The day the World Health Organization declared the Corona Virus outbreak a pandemic, I was headed to a friend’s house to do a transcription. Social distancing was already in place there when I arrived. I disinfected everything I touched before and after which is something not that unusual in me. I am not a germaphobe but I have always tended to overly clean myself and my environment. I wasn’t quite grasping that this was only the beginning of a surreal world situation. The next days Los Angeles proved that it does rain in “sunny California”. Perfect to frame what we would all start living soon.
I grew up in a world that consisted of hugs given the Latin way —close, body to body. It was how my mother comforted me as a child and, as a teenager, how I awkwardly expressed that I liked you. As an adult, it was not given as a precursor to anything (as in foreplay) but as an everything all in itself. I grew up in countries where men kiss men on the cheek in greeting without their sexuality being questioned.
A few days ago I read that scientists have said that we may have to live with social distancing for quite a while. Six-degrees of separation (which actually linked us) has turned into a physical 6-feet separation. So this virus may not only effectively turn lethal to those in the high risk section but to life as we -or I- knew it. In the midst of official social distancing and a self-imposed distancing from mostly everything, I am longing for a touch more than ever. Though I know that I will learn to live without, it saddens me more than words can express.
When I hear about the deaths this virus has caused I think of the sorrow of the loved ones left behind. But I also think of those that in times like this tend to be even more forgotten than they usually are: those suffering from depression and/or anxiety disorders -a not-so-exclusive-club which I have been a member of, off and on, all my life.
There are many reasons why people tend to shy away. An actor recently said that no one wants to deal with you in your darkness. Even less so in this “be positive” world which doesn’t give room for you to express your thoughts or fears and discards them -and the one that shares them- seeing them as negativity. Now, when we are all dealing with so much, including getting to know ourselves, we gravitate to a mental distancing of anything not considered essential. And those alone feel so even more.
I am a nurturer by nature so taking care of a kitten recovering from being neutered early last week helps me with feeling needed and not inconsequential, even when I am getting no sleep thanks to his nightly desire to get out of my bedroom (by rasping his cone against the door). My roommate’s (who hasn’t been here since then) other cats await in the rest of the house for some love, food, and water… in reverse order. So all in all I find a sense of purpose in my isolation.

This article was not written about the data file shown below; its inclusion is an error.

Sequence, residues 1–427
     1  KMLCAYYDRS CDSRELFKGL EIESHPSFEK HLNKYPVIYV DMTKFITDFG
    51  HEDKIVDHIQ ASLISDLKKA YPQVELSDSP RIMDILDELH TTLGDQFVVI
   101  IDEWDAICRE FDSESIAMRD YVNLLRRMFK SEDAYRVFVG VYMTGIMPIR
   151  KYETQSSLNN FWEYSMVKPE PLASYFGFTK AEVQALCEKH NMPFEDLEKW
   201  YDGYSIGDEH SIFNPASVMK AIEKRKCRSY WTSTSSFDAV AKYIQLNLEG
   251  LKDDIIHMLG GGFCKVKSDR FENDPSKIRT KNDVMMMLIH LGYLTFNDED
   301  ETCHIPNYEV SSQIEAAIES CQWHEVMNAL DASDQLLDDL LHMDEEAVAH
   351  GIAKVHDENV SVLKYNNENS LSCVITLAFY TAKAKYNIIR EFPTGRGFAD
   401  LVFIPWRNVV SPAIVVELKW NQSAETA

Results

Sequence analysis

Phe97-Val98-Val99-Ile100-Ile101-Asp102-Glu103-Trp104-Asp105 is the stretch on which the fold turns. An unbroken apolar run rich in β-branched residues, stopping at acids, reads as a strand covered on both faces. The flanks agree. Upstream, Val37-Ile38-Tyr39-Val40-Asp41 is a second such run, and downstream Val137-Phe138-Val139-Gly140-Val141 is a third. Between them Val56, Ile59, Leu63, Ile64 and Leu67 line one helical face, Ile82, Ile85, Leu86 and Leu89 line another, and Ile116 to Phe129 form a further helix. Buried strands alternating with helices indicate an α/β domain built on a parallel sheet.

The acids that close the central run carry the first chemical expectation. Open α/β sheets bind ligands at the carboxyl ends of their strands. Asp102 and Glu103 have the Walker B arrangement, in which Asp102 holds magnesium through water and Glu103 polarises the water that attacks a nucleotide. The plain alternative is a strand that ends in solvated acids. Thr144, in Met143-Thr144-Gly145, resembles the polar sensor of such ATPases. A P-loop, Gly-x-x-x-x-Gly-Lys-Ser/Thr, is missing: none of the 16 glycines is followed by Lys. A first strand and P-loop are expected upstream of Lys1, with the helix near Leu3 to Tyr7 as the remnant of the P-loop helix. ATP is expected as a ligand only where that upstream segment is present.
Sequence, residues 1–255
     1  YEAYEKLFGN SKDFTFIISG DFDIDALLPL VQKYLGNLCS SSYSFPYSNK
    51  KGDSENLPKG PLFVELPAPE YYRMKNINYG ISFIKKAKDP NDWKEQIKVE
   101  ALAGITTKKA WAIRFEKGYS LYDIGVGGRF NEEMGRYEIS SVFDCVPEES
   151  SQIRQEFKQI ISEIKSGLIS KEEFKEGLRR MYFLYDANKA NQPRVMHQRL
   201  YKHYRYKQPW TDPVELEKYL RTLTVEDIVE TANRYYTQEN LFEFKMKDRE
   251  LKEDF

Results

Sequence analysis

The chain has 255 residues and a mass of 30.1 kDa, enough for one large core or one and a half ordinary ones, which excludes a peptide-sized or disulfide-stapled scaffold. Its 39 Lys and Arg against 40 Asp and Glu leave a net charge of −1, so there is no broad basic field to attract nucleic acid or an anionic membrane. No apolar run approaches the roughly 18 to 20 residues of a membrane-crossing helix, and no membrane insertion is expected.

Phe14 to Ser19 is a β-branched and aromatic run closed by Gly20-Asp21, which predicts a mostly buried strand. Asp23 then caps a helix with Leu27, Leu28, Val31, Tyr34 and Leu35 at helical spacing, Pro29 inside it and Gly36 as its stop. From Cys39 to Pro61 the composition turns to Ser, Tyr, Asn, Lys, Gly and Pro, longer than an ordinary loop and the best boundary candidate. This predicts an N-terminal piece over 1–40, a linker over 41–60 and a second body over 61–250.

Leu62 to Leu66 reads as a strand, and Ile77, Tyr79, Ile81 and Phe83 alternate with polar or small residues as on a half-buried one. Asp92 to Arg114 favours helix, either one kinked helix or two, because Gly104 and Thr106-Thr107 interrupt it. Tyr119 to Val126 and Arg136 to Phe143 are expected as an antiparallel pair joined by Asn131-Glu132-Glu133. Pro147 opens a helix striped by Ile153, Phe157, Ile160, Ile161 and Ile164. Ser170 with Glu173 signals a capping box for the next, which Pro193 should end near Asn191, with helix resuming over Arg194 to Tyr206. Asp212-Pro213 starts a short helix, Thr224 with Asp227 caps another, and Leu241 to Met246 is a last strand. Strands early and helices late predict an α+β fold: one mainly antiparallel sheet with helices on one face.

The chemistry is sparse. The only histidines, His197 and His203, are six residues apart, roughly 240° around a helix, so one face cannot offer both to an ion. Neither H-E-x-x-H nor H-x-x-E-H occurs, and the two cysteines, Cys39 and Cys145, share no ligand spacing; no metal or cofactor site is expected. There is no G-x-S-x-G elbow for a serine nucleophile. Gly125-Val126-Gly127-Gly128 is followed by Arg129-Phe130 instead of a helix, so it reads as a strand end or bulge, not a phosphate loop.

I have shutdown my intuitive side which leads me to thoughts and images I cannot handle right now. I have also steered clear of Facebook and Instagram. My anxiety level is high enough as is.
I have texted, so as not to be obtrusive, with friends checking on how they are doing. I have called and left a message when it goes unanswered. Sometimes, that is all the other side needs. Though it is easy to ask someone to reach out should they need you, it is when they probably will feel less inclined to.
Fear, anxiety, and loneliness are paralyzing. Consider mentally going through your contact list and call or text that person you have not contacted in a while, or a friend or someone that you may suspect may need you. Not in a mass text or Facebook or Instagram post but as a personal message making someone on the other side feel special. I am not suggesting by any means that people may be on the brink of a metaphorical precipice, just that the message of “you are not alone” is a powerful one, one that we underestimate while convincing ourselves of our fortitude or when basking in the proximity of ones we love. And yes, a disclaimer is coming: I am not a doctor or pretend to be one so take this all with a grain of salt. As to taking care of yourself, see what the CDC (Center of Disease Control) says about dealing with it here.
We may already know the value of family and friends but this is a reminder that those with a strong support group should be thankful for its blessing while not forgetting those without.
So let’s maintain physical separation for now and pay more attention to our mental connection. That text or call may mean more to someone than you may imagine.
And as a parting note, corona (aside from being a brand of a beer) means “crown” in Spanish. What on earth are we being crowned as (or with) now?
I have promised to end my blogs with songs so here goes these: Michael Bublé – Help Me Make It Through The Night (feat. Loren Allred) where he explains the reasons why he recorded it as a duet (I think it was written by Kris Kristofferson in the 70s); OK, performed by Mabel which has the sub-title of “Anxiety Anthem”; and Beth Hart – Mama This One’s For You because well… I wish I had her now.